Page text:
EL PASO, Texas -- Edmund Lozano knows the fence that winds along the Mexico-U.S. border. He built it. “We would show up in the morning and find spots where people on the other side tried to pry open the fence or cut holes in it,” said Lozano, who was paid $25 an hour in 2007 to operate a forklift and move the massive steel beams and tight wire mesh. “That tells you how determined they are to get across.”
Lozano, a 26-year-old college student and hotel bartender, considers the fence a formidable policy statement but mostly that — a symbol. “We do have to have some security, to say enough is enough. But it’s not worth spending more money on. Let’s move on to other immigration issues.”
A precipitous buildup along the border has made it tougher than ever to get into the United States. Yet as lawmakers in Washington begin to tackle immigration reform, the debate hinges on a familiar, charged question:
Is the border secure enough?
Republicans insist comprehensive reform cannot start until the border is fully secure and call for the personnel, infrastructure and technology to “prevent, detect and apprehend every unauthorized entrant.”
President Barack Obama says the border has never been safer. The number of patrol agents has doubled since 2004, and they are armed with sophisticated equipment like body heat-sensing cameras. Helicopters and drones watch from above. Arrests have fallen to the lowest levels in decades. Tens of billions have been spent.
Along the border, as in Washington, there is little agreement over what security looks like, how effective it has been, if more is needed and if so, at what cost to the federal budget or to generations-old bonds between communities now on opposite sides of a war over people and drugs.
“The fence breaks my heart. It reminds me of East and West Berlin,” said Susan Phillips, 64, eating at L & J Cafe, a cozy El Paso dive whose cheap, tasty tacos and chili rellenos draw bikers and families alike. “If somebody wants to get here, they’re going to get here. It doesn’t matter if there are fences or drones. How much more can we do?”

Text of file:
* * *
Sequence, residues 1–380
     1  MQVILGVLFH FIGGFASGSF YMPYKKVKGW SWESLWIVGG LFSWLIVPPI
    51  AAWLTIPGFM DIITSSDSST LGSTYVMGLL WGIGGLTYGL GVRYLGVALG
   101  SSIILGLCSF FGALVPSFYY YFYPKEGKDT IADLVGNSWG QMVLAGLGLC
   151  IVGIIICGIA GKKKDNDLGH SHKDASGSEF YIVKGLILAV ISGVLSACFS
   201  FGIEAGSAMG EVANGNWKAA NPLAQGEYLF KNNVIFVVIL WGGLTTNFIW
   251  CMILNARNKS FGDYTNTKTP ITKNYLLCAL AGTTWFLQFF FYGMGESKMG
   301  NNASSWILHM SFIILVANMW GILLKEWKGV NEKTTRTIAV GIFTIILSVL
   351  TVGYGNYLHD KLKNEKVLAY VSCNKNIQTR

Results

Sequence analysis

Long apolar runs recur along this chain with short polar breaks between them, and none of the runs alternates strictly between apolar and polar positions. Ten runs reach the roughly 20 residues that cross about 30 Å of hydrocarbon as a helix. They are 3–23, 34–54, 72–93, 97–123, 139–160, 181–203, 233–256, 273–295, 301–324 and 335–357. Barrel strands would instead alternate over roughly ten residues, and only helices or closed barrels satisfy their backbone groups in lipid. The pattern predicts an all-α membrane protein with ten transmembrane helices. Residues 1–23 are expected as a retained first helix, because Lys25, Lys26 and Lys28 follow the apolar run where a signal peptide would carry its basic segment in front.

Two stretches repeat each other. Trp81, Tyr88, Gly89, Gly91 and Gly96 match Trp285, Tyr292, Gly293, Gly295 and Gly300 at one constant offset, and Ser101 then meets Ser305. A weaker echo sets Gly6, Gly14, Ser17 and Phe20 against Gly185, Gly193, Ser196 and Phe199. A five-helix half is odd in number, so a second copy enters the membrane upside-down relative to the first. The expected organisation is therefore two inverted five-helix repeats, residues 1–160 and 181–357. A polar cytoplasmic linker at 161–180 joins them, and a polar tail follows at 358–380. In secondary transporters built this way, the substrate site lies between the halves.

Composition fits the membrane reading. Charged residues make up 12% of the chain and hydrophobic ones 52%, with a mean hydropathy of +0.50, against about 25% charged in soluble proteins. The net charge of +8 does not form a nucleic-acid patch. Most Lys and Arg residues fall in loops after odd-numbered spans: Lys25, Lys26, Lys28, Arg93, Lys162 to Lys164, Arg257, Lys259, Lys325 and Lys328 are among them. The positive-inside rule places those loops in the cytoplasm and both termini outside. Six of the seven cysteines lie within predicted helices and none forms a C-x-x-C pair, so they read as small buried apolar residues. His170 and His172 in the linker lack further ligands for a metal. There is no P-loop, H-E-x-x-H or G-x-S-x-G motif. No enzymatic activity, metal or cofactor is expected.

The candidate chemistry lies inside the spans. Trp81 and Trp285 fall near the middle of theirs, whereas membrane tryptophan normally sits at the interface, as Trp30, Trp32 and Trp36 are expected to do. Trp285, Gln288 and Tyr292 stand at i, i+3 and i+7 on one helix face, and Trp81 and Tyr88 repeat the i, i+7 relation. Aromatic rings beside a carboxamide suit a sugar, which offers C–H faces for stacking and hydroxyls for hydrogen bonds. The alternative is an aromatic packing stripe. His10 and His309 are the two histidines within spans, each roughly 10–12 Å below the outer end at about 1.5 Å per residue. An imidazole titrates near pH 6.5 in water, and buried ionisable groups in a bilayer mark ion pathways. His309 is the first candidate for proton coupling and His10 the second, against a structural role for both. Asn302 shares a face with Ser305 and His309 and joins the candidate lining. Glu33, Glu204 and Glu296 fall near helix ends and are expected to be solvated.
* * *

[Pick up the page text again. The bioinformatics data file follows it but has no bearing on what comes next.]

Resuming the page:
Head west into New Mexico and Arizona, through rural outposts where people sleep with rifles next to their beds for fear of drug smugglers, and the question of border security becomes intensely personal. Tensions rise and opinions differ.
The white SUV climbed a dirt road through a landfill and rested on a plateau. To the left lay the city of El Paso, to the right, Mexico’s Ciudad Juárez. Splitting the middle: an 18-foot steel fence, its rusty patina adding a measure of heft. Concrete shoots 10 feet into the ground so people can’t dig under.
“It’s not made to stop people,” U.S. Border Patrol agent Lorena Apodaca said. “This is just to slow people down.”
They throw up ladders, use ropes or simply climb over. On a bridge connecting the cities, border crossers rappel down ropes, garden hoses, whatever works. Two years ago authorities were shocked to find a tunnel under the Rio Grande that an exceptionally skinny teenager crawled through, dragging sacks of drugs.
“One thing we’ve learned as agents is not to underestimate the ingenuity of the Mexican smuggler,” said Apodaca’s partner, Vennesa Martinez.